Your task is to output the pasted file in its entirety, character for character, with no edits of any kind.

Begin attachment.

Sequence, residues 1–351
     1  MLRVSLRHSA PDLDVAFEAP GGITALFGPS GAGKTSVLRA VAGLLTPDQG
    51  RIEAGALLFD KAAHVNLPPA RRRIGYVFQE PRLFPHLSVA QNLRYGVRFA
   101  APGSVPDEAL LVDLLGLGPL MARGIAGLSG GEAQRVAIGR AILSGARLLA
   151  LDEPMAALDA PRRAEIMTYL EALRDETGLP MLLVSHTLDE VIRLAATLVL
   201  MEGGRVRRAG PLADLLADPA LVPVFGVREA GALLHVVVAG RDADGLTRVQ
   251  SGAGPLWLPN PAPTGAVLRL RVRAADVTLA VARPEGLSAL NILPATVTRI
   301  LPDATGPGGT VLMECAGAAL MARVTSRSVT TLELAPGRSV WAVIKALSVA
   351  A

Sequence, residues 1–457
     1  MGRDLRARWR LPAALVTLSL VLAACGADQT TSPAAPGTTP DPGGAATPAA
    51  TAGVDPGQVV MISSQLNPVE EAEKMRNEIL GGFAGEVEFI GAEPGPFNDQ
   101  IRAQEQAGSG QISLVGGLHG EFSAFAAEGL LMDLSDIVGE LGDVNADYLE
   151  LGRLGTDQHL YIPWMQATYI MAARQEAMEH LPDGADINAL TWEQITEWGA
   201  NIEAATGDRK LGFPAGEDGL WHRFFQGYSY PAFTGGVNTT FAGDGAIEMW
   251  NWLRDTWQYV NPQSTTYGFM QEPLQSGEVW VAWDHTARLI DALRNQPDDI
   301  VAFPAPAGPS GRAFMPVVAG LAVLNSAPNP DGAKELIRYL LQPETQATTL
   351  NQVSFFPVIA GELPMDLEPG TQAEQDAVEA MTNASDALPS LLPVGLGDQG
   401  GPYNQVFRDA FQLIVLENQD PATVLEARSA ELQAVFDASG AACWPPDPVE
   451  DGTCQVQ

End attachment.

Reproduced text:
Sequence, residues 1–351
     1  MLRVSLRHSA PDLDVAFEAP GGITALFGPS GAGKTSVLRA VAGLLTPDQG
    51  RIEAGALLFD KAAHVNLPPA RRRIGYVFQE PRLFPHLSVA QNLRYGVRFA
   101  APGSVPDEAL LVDLLGLGPL MARGIAGLSG GEAQRVAIGR AILSGARLLA
   151  LDEPMAALDA PRRAEIMTYL EALRDETGLP MLLVSHTLDE VIRLAATLVL
   201  MEGGRVRRAG PLADLLADPA LVPVFGVREA GALLHVVVAG RDADGLTRVQ
   251  SGAGPLWLPN PAPTGAVLRL RVRAADVTLA VARPEGLSAL NILPATVTRI
   301  LPDATGPGGT VLMECAGAAL MARVTSRSVT TLELAPGRSV WAVIKALSVA
   351  A

Sequence, residues 1–457
     1  MGRDLRARWR LPAALVTLSL VLAACGADQT TSPAAPGTTP DPGGAATPAA
    51  TAGVDPGQVV MISSQLNPVE EAEKMRNEIL GGFAGEVEFI GAEPGPFNDQ
   101  IRAQEQAGSG QISLVGGLHG EFSAFAAEGL LMDLSDIVGE LGDVNADYLE
   151  LGRLGTDQHL YIPWMQATYI MAARQEAMEH LPDGADINAL TWEQITEWGA
   201  NIEAATGDRK LGFPAGEDGL WHRFFQGYSY PAFTGGVNTT FAGDGAIEMW
   251  NWLRDTWQYV NPQSTTYGFM QEPLQSGEVW VAWDHTARLI DALRNQPDDI
   301  VAFPAPAGPS GRAFMPVVAG LAVLNSAPNP DGAKELIRYL LQPETQATTL
   351  NQVSFFPVIA GELPMDLEPG TQAEQDAVEA MTNASDALPS LLPVGLGDQG
   401  GPYNQVFRDA FQLIVLENQD PATVLEARSA ELQAVFDASG AACWPPDPVE
   451  DGTCQVQ